How do older ideas of nature as something to fear, something that a civilization must construct itself against, play into the hands of a new economy which is fundamentally about an all-consuming destruction of nature?Baba Yaga never offers documentary "answers," but moves around this problem in true essay style, by showing us that this particular corner of the world -- in some ways deeply specific, in other ways a metonym for us all -- is caught in the material grasp of philosophies and ideologies the seeds of which were sown centuries ago. As her primary refrain, and the film's boldest formal parry, Oreck illustrates the fairy tale of Baba Yaga, the witch in the woods, using elegantly crude animations. After a young girl and boy stumble upon her lair, she sets them onto a variety of impossible tasks, with the proviso that if they fail, she will eat them. They complete the tasks, with the help of the creatures of the forest, and Baba Yaga is furious at being outsmarted. Oreck's use of this most fundamental of Eastern European folktales is ambiguous in this context. It is, after all, another competing system for understanding the conflict between civilization and nature, with the witch as a trickster who occupies a liminal space between the two. She was once, no doubt, indicative of a fear of matriarchal knowledges, midwifery, and other womanly powers that were seen as being entirely too close to the natural world. But now, perhaps the threat comes from those chainsaws in the woods, or the privatization of oil reserves and coal mines, the sudden disappearance of the earth and its magic transformation into a product you can't afford.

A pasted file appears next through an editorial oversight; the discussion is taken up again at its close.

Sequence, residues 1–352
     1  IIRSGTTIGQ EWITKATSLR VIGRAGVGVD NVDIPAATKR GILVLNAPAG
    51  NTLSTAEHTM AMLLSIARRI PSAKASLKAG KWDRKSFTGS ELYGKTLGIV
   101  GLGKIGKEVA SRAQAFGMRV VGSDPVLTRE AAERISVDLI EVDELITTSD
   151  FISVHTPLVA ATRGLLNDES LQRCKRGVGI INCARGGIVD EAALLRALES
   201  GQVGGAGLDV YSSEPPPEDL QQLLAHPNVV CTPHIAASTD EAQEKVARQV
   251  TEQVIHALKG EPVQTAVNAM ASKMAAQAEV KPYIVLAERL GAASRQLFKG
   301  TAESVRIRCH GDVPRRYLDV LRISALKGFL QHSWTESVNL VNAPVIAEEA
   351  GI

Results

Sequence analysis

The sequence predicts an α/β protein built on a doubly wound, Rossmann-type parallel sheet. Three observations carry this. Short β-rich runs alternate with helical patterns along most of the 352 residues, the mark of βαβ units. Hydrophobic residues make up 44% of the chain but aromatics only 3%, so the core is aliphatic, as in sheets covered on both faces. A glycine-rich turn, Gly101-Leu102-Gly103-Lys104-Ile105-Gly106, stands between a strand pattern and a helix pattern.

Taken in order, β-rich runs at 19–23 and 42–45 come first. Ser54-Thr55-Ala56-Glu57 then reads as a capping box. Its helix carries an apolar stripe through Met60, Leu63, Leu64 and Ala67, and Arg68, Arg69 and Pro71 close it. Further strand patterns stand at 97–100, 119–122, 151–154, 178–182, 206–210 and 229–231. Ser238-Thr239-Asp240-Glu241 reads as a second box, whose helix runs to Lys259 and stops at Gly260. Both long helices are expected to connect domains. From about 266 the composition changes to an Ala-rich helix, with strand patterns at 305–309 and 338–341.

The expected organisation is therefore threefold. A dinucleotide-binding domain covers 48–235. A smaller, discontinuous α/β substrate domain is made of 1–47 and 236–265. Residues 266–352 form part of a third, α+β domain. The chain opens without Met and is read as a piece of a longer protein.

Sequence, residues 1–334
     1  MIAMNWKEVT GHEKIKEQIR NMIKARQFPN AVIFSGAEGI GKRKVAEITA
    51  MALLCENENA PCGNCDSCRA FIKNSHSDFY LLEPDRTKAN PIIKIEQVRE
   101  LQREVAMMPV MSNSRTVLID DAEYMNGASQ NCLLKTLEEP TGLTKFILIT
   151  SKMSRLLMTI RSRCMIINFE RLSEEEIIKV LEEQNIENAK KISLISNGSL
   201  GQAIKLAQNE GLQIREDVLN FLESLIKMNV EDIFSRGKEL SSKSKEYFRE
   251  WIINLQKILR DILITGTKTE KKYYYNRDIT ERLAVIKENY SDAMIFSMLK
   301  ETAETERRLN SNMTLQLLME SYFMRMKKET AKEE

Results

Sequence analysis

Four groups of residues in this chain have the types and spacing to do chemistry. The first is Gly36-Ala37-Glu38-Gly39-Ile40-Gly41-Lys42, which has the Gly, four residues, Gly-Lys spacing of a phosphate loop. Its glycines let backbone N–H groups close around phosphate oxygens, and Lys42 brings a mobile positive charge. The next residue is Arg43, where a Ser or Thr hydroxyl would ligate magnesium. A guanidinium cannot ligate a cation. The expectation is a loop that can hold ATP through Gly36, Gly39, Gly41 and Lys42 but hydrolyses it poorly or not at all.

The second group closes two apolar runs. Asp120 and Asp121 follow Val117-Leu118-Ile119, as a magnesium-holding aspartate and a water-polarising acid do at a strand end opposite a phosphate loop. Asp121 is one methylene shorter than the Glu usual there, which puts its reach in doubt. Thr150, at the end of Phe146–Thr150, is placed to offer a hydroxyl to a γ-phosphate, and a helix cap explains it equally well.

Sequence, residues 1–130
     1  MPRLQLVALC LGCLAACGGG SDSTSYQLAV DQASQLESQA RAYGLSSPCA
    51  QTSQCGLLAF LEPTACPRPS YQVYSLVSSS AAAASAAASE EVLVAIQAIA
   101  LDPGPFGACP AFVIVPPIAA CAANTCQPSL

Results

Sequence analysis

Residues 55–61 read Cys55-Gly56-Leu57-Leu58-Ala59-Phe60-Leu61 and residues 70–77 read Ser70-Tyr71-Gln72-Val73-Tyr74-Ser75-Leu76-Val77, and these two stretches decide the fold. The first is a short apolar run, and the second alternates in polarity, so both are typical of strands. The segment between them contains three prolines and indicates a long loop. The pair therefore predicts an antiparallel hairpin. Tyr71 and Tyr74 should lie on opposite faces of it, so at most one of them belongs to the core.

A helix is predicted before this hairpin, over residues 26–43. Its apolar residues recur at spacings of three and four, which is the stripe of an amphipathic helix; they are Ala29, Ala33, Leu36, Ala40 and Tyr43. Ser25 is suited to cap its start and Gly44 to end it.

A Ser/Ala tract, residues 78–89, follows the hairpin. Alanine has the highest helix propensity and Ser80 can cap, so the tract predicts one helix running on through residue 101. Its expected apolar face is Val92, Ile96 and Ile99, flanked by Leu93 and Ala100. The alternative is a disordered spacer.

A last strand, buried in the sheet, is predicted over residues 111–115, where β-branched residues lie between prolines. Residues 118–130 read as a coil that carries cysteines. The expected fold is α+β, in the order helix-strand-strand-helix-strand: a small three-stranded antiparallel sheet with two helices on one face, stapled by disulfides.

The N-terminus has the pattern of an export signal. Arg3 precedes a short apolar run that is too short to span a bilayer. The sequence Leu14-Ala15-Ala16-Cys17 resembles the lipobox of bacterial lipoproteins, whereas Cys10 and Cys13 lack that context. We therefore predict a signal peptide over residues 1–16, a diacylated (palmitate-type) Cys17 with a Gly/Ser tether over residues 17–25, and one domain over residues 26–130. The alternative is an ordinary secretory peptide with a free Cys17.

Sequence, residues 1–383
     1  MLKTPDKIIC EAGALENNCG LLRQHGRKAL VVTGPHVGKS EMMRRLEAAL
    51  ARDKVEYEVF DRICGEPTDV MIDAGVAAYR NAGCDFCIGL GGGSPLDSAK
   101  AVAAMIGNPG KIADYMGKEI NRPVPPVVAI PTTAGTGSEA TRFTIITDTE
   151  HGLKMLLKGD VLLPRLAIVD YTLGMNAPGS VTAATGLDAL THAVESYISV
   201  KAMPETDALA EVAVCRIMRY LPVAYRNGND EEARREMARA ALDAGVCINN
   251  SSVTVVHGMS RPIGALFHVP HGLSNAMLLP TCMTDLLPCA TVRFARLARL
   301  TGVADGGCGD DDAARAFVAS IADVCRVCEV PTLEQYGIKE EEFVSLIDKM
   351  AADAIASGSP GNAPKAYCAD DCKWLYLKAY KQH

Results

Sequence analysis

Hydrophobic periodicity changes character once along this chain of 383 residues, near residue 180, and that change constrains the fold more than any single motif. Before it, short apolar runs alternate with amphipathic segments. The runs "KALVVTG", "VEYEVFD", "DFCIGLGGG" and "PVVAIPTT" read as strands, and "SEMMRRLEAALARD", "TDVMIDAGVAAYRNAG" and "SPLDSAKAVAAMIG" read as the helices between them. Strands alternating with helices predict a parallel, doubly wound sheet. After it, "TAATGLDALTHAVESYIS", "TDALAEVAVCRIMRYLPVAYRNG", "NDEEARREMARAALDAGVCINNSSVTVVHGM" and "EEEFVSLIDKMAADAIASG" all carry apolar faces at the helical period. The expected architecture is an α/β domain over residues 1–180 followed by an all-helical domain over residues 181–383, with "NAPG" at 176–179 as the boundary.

Sunday, March 2